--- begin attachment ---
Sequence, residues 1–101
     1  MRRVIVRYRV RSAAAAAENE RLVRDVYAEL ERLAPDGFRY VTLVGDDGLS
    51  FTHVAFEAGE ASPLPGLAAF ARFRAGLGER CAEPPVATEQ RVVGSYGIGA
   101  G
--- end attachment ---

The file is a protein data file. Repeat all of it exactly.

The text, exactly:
Sequence, residues 1–101
     1  MRRVIVRYRV RSAAAAAENE RLVRDVYAEL ERLAPDGFRY VTLVGDDGLS
    51  FTHVAFEAGE ASPLPGLAAF ARFRAGLGER CAEPPVATEQ RVVGSYGIGA
   101  G